In March 2006, Gujarat completed its Jyoti Gram Yojana to provide round-the-clock electricity to all consumers and at least eight hours of supply to farmers. This year, the Madhya Pradesh government has decided to undertake a similar programme, but with the promise of 10-hour supply for agricultural use. To begin with, Madhya Pradesh adopted the strategy of feeder separation (different distribution lines for farmers and other users), just as Gujarat did, and then steadily tied up long-term power supply.
There was another exercise that the states took up simultaneously: the unbundling of the power business to bring in corporate efficiencies. In 2005, the Gujarat government created Gujarat Urja Vikas Nigam Ltd (GUVNL) out of Gujarat Electricity Board as the holding company for seven entities with functional responsibilities of trading, generation, transmission and distribution. The same year, Madhya Pradesh also unbundled its power business and created government-controlled companies. Later, Madhya Pradesh also restructured Rs 11,491 crore of debt and took over the short-term exposure of banks to its distribution companies.
The MP Power Management Company, the holding company of three distribution companies, has now undertaken the Atal Jyoti Abhiyan which involves providing round-the-clock power to 72 per cent of the consumers in the state. The programme has already covered 10 districts including Bhopal, Ratlam and Jabalpur.
Generating a surplus
Madhya Pradesh had seen a huge shortfall in generation capacity after Chattisgarh was carved out of its resource-rich belt in 2000. But as DJ Pandian, chairman, GUVNL, and principal secretary in Gujarat's energy department, puts it, "You cannot draw water in a bucket if there is no water in the well". Any state embarking on this model of round-the-clock power, therefore, first needs to secure long-term contracts. Madhya Pradesh did just that. "In 10 years, from a deficit of over 14 per cent in 2007-08, we expect to have surplus power of around 19 per cent from long- and medium-term sources," says Manu Srivastava, managing director, MP Power Management Company. This year itself, the state is likely to have a surplus of 4 per cent.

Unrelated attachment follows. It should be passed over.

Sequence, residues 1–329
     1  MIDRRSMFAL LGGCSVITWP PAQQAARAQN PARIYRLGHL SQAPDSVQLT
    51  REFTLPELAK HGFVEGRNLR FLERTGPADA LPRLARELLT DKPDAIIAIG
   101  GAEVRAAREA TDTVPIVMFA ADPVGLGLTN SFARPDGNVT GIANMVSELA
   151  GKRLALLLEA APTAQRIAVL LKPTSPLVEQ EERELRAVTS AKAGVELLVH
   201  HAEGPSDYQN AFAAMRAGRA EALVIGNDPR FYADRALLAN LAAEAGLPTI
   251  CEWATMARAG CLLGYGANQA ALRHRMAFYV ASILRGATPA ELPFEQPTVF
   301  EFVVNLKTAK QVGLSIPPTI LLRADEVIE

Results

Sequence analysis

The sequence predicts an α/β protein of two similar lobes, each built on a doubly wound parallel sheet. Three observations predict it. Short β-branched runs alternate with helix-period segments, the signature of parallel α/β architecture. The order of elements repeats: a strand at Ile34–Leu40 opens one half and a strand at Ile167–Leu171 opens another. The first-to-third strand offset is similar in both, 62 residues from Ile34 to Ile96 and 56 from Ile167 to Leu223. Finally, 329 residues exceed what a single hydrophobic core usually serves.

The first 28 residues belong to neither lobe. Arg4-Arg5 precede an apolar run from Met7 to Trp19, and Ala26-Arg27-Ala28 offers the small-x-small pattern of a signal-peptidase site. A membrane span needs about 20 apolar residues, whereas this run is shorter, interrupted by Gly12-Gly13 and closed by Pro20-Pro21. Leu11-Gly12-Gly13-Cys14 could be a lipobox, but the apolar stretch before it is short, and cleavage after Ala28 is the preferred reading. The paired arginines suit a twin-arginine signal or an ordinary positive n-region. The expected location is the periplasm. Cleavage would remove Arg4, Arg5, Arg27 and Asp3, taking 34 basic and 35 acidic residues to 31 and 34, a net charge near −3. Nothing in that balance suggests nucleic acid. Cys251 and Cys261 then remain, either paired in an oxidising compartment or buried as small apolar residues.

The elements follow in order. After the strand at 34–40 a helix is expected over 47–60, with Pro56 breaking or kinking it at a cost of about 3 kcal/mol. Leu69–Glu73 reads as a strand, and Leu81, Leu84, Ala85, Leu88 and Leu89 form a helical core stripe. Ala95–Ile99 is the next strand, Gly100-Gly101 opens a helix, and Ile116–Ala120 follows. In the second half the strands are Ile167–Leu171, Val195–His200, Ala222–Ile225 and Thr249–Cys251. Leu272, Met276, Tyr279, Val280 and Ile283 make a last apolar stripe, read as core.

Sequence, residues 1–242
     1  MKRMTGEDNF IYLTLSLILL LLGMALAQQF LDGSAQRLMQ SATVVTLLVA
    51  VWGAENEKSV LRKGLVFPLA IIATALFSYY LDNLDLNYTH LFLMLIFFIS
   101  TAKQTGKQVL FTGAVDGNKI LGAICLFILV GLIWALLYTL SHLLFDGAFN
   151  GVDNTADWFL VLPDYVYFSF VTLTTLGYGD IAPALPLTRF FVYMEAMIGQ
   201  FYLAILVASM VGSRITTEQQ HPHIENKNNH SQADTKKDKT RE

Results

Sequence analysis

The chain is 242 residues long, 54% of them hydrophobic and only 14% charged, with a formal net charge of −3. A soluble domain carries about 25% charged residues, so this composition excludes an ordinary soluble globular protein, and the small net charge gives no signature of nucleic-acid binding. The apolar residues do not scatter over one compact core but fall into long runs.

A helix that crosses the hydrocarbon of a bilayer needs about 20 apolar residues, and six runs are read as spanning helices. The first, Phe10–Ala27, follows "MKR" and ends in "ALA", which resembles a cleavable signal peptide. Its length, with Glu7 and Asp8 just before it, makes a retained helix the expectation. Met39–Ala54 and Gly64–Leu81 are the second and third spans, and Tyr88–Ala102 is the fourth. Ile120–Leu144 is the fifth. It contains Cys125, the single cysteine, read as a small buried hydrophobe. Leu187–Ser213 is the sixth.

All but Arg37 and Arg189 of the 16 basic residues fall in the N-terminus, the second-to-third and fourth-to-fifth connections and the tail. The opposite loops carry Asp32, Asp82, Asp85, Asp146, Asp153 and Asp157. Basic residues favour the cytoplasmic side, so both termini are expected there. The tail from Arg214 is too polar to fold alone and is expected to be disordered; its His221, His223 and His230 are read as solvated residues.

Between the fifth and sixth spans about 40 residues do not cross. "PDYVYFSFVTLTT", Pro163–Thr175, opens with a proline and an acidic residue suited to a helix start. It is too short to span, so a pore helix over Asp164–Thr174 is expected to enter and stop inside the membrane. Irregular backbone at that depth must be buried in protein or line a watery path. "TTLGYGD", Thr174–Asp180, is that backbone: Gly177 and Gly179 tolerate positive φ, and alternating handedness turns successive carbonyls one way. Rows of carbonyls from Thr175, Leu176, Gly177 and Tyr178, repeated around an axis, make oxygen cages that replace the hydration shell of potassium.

Srivastava says the state added 1052 Mw to its power pool through long-term contracts last year. It will add another 495 Mw from Reliance Power's Sasan ultra mega power project this year.
With Madhya Pradesh due for elections later this year, the programme, obviously, has a populist undertone, but as Kameswara Rao, leader, energy, PricewaterhouseCoopers, says, such measures also have a huge social and economic impact. He quotes a PwC survey conducted in Madhya Pradesh that shows that 24x7 power is helping children study longer, besides improving the safety for women, and permitting more economic activity in the villages.
Rao says, a more reliable power supply has also reduced migration to cities as better social and economic activities are now available in the village itself. "Nonetheless, it requires considerable effort from state governments in terms of policy-making, planning, financing and investment. Other states can replicate this but it will not be easy," he says.